2018 was marked by the energy and solidarity of the injured worker community in bringing attention of the public and policy-makers to failures of Ontario’s Workplace Safety and Insurance Board (WSIB) in delivering fair and timely compensation, particularly for those with permanent impairments or complex claims. Key among initiatives is the ongoing Workers’ Comp Is A Right (WCIAR) Campaign led by the Ontario Network of Injured Workers’ Groups (ONIWG). The Campaign continues to spread the message, most recently through a Province-wide Week of Action in nine communities across Ontario, on three major demands:
- The WSIB must listen to our doctors
- No cuts based on phantom jobs
- No cuts blamed on pre-existing conditions
With new groups established this year in Wellington& Dufferin Counties and Sudbury, injured workers’ organizations continue to provide peer support, exchange information on the workers’ compensation system, and advocate for positive changes. Outreach clinics were held in Chatham, Brampton, Owen Sound, Sudbury, Thunder Bay, with the support of ONIWG and community legal clinics, to provide organizing facilitation, legal education and case consultations. A focus on worker-side research also marked the year, under ONIWG-led initiatives, participation in Bancroft Institute research & policy discussions and in academic qualitative studies.
Among the many compensation, health & safety and return to work issues facing injured workers, particular attention focused this year on recognition of occupational illness and mental health injuries. In suffering occupational diseases that can develop many years after exposure to workplace carcinogens and other hazardous substances (in many cases, a “toxic soup of chemicals”), these workers all too frequently encounter insurmountable barriers in meeting the Board’s medical evidence requirements. Their experiences and broader questions about WSIB’s decisionmaking and reconsideration of denied claims received in-depth media coverage, provincial and local. Advocacy by injured workers and their families, unions, occupational health researchers and workers’ legal representatives raised public awareness of the long-term struggles for entitlement to benefits. In particular, attention focused on northern Ontario miners made ill by McIntyre Powder, Peterborough’s General Electric manufacturing plant retirees, Hamilton’s firefighters and Kitchener rubber plant employees.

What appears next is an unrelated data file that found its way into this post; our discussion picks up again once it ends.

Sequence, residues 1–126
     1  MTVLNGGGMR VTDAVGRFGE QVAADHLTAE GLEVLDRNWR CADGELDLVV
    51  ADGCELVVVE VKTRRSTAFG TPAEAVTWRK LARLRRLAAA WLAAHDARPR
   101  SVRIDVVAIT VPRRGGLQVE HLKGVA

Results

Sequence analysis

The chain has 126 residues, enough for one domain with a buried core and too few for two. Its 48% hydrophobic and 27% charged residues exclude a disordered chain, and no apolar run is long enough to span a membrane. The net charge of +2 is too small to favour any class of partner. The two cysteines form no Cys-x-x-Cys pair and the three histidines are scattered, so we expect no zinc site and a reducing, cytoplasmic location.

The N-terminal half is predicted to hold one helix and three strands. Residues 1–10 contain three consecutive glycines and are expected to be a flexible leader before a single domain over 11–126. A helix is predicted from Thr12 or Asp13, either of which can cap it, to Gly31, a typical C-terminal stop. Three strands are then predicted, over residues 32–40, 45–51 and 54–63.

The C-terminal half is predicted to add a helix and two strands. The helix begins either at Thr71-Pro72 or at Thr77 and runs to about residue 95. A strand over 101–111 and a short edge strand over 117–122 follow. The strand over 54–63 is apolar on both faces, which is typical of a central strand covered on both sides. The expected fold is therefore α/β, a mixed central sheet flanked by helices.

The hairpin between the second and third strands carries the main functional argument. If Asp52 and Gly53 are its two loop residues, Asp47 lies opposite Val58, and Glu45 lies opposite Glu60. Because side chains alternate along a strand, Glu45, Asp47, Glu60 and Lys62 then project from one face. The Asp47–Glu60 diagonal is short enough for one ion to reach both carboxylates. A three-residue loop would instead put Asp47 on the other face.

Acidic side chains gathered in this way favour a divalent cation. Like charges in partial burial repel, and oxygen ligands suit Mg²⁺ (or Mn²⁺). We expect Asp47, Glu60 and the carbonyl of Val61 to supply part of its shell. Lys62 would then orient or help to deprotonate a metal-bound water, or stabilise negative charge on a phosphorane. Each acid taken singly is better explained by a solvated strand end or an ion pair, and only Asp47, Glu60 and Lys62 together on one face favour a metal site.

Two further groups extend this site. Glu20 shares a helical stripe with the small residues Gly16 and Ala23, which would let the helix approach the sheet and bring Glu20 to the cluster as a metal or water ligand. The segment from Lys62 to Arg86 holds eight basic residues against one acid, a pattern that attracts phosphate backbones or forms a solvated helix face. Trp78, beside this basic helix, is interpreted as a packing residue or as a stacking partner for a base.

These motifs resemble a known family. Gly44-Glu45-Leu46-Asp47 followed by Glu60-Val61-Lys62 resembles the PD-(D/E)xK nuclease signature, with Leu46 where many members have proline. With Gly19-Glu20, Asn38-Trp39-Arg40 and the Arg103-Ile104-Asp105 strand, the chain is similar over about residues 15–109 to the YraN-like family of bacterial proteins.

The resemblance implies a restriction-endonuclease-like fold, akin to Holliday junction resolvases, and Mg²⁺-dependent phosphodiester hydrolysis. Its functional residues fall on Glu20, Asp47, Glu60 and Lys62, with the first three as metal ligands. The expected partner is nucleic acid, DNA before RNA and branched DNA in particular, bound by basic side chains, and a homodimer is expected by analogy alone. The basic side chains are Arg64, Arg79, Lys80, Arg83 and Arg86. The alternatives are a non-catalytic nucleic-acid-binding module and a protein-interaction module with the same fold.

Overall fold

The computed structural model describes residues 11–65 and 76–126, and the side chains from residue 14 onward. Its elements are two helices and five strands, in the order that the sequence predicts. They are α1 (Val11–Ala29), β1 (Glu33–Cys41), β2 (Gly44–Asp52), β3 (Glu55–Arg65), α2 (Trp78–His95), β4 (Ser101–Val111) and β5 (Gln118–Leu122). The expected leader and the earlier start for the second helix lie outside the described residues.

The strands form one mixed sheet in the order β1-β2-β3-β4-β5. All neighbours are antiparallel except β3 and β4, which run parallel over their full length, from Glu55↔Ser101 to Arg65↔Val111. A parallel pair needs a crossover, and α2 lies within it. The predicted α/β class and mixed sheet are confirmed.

Renewed attention was also paid to mental injury claims. An Ontario Human Rights Tribunal ruling in January (Lawson v Workplace Safety and Insurance Board) found the WSIB failed to accommodate the mental health needs of an injured worker with depression and anxiety, awarding record damages for discrimination on the basis of disability. Later in the year the WSIB’s new restrictive chronic mental stress policy, according to an internal audit, resulted in 94% of claims being denied.
This quasi “autodenial” bore out warnings previously submitted by a Coalition of injured workers, community legal clinics, private bar lawyers, and doctors in a 2017 letter to the Premier that the WSIB had been given license to exclude workers with workplace mental illnesses through unique and almost insurmountable legal and medical hurdles to receiving compensation.
Not on the backs of (injured) workers!
New challenges lie ahead. The new Progressive Conservative government rolled back many labour and employment protections and rights recently introduced for a changing, increasingly precarious workforce. In September, under the same Open for Business slogan, the WSIB and new Minister of Labour Laurie Scott announced cuts of almost 30% to employers’ premiums – source of funding for the workers’ compensation system under the historic compromise enacted in Canadian workers’ compensation legislation (and for which, in return, injured workers gave up their right to sue their employer for their injury). ONIWG pushed back, reminding the government that injured workers have already borne the burden of paying off the Board’s manufactured “unfunded liability” financial crisis, with benefit payments slashed from $4.8 billion in 2010 to $2.3 billion in 2017. Although almost half of injured workers with a permanent disability are now living at or near poverty levels, this $1.45 billion gift to employers and the renewed focus on lowering premiums leave little prospect of workers’ benefits being restored.
In its Fall economic statement the government announced a review of the Workplace Safety and Insurance Board to address sustainability, efficiency and governance. WSIB staff, in a recent survey following implementation of a new service delivery model, have called for additional resources for a broken system that is putting injured workers at risk.
It is hoped that the government, in its forthcoming review of the WSIB, listens to injured workers’ concerns not only on wait times, but on the changes to policies, practices and funding needed to ensure fair compensation.